Deploy a gorgeous Python open source e-commerce project - Saleor

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by Admin/ on 04 Jan 2022

Deploy a gorgeous Python open source e-commerce project - Saleor

Saleor is a fast-growing open source e-commerce platform based on Python and Django, and is constantly being updated, so don’t worry about the old version.

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It has the following features:

  1. GraphQL API: GraphQL-based implementation of the front and back end separation , belonging to the cutting-edge technology .
  2. Dashboard: Administrators have full control over users, processes and products.
  3. Order: Integrated system for orders, shipments and refunds.
  4. Shopping cart: advanced payment and tax options, support for discounts and promotions
  5. Payments: Flexible API architecture allows integration of any payment method
  6. Geo-Adaptive: Automatic support for multi-country checkout experience
  7. Cloud deployment support: Docker deployment support.
  8. Support Google Analytics: Integrated with Google Analytics, you can easily analyze traffic going and staying.

Saleor repository address:

1. Deployment Guide

Saleor supports a variety of ways to run, you can use the manual installation and run the way, you can also use Docker to run, the following is to introduce the platform-wide common and the simplest Docker deployment scheme.

Before following the instructions below, you need to install Docker Desktop and Docker Compose, if you haven’t done so, you can check out this tutorial:

Docker deployment of Saleor is very easy, you just need to clone the repository and build the image and run the service.

# Python Practical Dictionary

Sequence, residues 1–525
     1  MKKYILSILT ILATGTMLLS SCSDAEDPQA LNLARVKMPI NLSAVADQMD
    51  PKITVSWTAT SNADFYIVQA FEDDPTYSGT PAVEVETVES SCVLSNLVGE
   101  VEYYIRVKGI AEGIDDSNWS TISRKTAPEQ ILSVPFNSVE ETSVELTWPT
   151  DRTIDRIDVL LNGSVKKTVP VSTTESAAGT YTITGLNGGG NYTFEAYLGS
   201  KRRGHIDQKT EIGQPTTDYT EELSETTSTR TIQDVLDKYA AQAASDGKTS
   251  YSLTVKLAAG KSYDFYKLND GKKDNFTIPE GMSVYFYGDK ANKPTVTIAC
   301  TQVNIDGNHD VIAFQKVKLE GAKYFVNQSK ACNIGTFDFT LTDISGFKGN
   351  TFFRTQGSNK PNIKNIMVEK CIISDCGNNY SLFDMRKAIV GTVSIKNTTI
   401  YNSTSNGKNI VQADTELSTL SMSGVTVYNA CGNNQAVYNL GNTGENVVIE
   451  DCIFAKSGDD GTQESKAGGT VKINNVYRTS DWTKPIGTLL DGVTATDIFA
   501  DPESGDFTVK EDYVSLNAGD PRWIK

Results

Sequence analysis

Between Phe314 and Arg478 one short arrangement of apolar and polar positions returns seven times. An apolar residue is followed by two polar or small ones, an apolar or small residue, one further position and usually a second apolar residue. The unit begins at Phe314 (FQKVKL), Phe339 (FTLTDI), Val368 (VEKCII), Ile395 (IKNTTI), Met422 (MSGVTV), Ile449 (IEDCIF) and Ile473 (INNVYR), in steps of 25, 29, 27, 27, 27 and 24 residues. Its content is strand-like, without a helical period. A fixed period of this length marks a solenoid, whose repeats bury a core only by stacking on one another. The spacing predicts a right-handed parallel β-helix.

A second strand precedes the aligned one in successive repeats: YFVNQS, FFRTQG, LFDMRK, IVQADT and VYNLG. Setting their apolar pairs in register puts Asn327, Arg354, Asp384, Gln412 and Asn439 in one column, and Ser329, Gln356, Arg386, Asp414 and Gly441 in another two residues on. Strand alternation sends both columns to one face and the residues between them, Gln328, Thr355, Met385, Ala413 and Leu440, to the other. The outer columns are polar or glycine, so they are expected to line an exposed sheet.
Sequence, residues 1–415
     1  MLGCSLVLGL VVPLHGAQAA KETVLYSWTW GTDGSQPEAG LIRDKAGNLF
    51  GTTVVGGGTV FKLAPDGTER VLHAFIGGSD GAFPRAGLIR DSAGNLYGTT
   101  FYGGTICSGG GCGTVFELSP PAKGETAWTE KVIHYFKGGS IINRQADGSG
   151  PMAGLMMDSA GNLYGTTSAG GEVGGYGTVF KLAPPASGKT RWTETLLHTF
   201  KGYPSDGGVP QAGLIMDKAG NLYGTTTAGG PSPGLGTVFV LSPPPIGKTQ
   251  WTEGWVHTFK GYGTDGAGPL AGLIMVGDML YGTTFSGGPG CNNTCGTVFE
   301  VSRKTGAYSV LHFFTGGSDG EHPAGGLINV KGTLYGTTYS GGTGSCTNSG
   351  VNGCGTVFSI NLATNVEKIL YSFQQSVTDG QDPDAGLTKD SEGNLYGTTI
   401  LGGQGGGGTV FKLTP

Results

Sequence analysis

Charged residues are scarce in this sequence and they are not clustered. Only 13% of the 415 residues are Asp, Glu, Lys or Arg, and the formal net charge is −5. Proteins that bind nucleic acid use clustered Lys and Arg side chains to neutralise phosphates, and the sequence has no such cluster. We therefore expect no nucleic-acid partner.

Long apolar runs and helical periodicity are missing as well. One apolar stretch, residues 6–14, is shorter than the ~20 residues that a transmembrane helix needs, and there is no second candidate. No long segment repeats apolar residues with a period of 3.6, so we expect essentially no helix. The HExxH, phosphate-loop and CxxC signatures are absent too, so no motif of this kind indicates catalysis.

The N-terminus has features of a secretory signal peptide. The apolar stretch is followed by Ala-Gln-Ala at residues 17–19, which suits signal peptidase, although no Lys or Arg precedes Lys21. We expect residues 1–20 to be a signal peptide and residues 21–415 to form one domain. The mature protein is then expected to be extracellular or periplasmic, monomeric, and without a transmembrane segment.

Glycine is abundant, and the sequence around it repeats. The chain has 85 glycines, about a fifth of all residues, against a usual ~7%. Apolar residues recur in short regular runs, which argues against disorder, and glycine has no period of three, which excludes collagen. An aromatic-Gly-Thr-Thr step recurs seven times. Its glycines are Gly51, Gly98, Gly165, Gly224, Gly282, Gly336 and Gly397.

# Cloning a repository
git clone --recursive --jobs 3
cd saleor-platform
# Build the Docker image
docker-compose build

Saleor uses shared folders to enable live code reloading. If you are using Windows or MacOS, you will need to.

  1. Place the cloned saleor-platform directory into Docker’s shared directory configuration (Settings -> Shared Drives or Preferences -> Resources -> File sharing).

  2. Make sure you have at least 5 GB of dedicated memory in Docker preferences (Settings -> Advanced or Preferences -> Resources -> Advanced)

Execute database migrations and package front-end resources.

docker-compose run --rm api python3 migrate
docker-compose run --rm api python3 collectstatic --noinput

(Optional) Populate the database with sample data.

docker-compose run --rm api python3 populatedb

Finally, create an administrator account for yourself: docker-compose run --rm

docker-compose run --rm api python3 createsuperuser

Run the service:

Run Saleor with the following command:

docker-compose up
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2. Introduction to the architecture

If you want to develop based on Saleor, then you must understand its architecture.

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Saleor consists of three important components.

  1. Saleor Core, which is the backend server for the GraphQL API. Based on Django, it uses PostgreSQL as the database and stores some cached information in Redis.

  2. Saleor Dashboard, a dashboard that can be used to run a store. It’s a static website, so it doesn’t have any backend code of its own, it’s a React application that talks to the Saleor Core server.

  3. Saleor Storefront, this is the sample store based on React implementation, you can customize this part of the code to meet your own needs or you can build a custom storefront using Saleor SDK.